For the second time in the past three games, Virginia sophomore quarterback Michael Rocco turned in a bad play percentage that would be categorized as “ideal” by the metric’s creator.

Rocco completed 15 of 29 passes for 191 yards and two touchdowns Saturday during a 31-21 win over Duke. He also did not throw an interception for the third time in the past four games. In fact, after tossing seven interceptions in Virginia’s first four games this season, Rocco has thrown two in the past six.

“I think he’s handling the offense,” offensive coordinator Bill Lazor said after Saturday’s game. “I think he made some good throws. We thought we’ve had more productive days, but he did what he had to do to win the game today, and so I was really happy with it.”

While Rocco’s completion percentage both against Duke (51.7 percent) and on the season (59.2 percent) leaves something to be desired, few can argue that Rocco has not performed capably in the past three games since assuming the full reins of the offense. True freshman quarterback David Watford’s play has decreased since Virginia’s 28-14 loss Oct. 22 to North Carolina State, and Saturday marked the first time all season Watford did not play a single snap.

The offense, as a whole, seems to have benefited from the recent stability at the quarterback position. In its first seven games this season, Virginia averaged 407.4 yards of total offense and 24.9 points per contest.

In the past three games, the Cavaliers have averaged 451 yards of total offense and 27.7 points* per contest.

* The offense does not get credit for cornerback Chase Minnifield’s 54-yard interception return for a touchdown, which is why that average might seem a tad low for the past three-game scoring output.

Rocco does not deserve all the credit for Virginia’s recent offensive success – just like he didn’t deserve all the blame when Virginia’s offense was in a rut – but has consistently has done exactly what the Cavaliers have needed him to do in the past three games. No more and no less.

It seems like I have been writing that sentiment a lot of late as it pertains to Rocco’s performance, but as long as he keeps doing exactly that, the Cavaliers will stand a good chance of winning.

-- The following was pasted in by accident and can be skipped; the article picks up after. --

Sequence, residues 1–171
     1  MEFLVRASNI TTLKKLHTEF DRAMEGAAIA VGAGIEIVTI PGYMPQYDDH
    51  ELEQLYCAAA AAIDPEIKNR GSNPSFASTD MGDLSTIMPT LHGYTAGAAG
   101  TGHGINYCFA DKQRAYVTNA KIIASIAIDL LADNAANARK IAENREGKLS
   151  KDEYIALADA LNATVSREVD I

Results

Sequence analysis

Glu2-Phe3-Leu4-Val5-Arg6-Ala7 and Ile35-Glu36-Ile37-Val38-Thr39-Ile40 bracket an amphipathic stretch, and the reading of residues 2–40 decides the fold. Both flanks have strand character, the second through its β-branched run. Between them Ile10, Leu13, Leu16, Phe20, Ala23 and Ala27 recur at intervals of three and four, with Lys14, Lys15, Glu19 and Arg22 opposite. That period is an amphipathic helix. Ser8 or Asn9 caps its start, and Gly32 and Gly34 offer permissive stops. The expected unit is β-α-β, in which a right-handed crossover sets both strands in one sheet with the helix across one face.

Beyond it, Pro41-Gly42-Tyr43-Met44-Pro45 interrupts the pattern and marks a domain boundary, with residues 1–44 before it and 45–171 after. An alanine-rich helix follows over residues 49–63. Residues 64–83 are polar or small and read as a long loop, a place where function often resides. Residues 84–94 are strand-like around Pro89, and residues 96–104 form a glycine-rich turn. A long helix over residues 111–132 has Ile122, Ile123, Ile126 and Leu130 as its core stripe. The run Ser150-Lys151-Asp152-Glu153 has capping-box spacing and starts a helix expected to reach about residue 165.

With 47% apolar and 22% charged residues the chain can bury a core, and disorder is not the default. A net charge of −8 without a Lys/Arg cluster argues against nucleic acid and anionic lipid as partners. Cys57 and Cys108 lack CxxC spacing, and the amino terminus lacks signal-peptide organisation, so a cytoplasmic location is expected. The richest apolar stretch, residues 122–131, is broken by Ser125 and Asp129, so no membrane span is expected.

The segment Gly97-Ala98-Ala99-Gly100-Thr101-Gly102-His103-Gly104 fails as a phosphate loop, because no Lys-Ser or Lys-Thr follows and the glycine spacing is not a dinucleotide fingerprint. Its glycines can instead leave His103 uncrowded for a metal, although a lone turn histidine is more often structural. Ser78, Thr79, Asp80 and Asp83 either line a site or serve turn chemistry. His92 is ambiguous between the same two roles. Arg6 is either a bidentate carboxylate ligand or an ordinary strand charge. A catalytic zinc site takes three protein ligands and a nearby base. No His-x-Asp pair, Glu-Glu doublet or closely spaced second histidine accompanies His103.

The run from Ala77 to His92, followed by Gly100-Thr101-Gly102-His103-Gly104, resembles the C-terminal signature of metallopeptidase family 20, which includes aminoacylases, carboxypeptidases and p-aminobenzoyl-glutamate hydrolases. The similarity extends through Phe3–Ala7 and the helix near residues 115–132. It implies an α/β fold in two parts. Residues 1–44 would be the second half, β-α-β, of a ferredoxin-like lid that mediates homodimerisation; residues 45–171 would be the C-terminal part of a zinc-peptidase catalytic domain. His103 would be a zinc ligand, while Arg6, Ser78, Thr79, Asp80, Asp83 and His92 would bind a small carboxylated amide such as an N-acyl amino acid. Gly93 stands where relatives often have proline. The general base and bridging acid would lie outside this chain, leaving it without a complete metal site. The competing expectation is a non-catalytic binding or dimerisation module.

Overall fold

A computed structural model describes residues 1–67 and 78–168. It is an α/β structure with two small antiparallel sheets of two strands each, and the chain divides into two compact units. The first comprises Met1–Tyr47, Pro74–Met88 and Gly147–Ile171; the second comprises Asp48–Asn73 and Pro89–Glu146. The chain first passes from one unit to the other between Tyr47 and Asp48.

On Saturday, Rocco turned in a bad play percentage* of 9.7, which is well below the limit East Carolina offensive coordinator Lincoln Riley – the innovator of this particular method of quarterback evaluation – set for “ideal” performance. According to Riley, a quarterback needs to post a bad play percentage of 15 or less in order to put his team in position to win any given game. Ideally, though, Riley says it should be 12 or less.

* To review, every sack, interception, turnover, negative yardage play and offensive penalty that occurs while a particular quarterback is on the field is considered to be a bad play for said quarterback.

Rocco found his stride in the second and third quarters Saturday, in which he completed a combined 11 of 18 passes (61.1 percent) for 152 yards. He didn’t need to throw much in the fourth quarter, when the Cavaliers essentially were just aiming to run out the clock (13 rushes, five passes).

In the first half, Rocco orchestrated two 11-play scoring drives in which he completed a combined 8 of 11 passes for 112 yards and two touchdowns. But the Cavaliers also went three-and-out four times in the first half.

Rocco posted a good play percentage* Saturday of 29.2, which is not bad but not spectacular, either. He threw a six-yard touchdown pass to tight end Jeremiah Mathis and an eight-yard pass to wide receiver Kris Burd, who avoided a tackle and then tight-roped 30 yards down the sideline for another touchdown.

* Every pass play of at least 15 yards, run play of at least 12 yards, touchdown and first down while a particular quarterback is on the field is considered to be a good play for said quarterback.

Overall, Rocco performed adequately, gave his team what it needed to succeed and put them in position to earn another victory. Lazor, Coach Mike London and Virginia’s fan base surely will take that on most nights.

“I think we’re maturing,” Lazor said of the Cavaliers offense. “I think they believe that the formula is to be physical and play fast and that big plays will come from that. I think we’re going to watch the video both in the run game and the pass game and see that we were really close to hitting a few more that could have probably busted it open, but that’s football. You miss some, and you’ve got to keep moving on anyway.”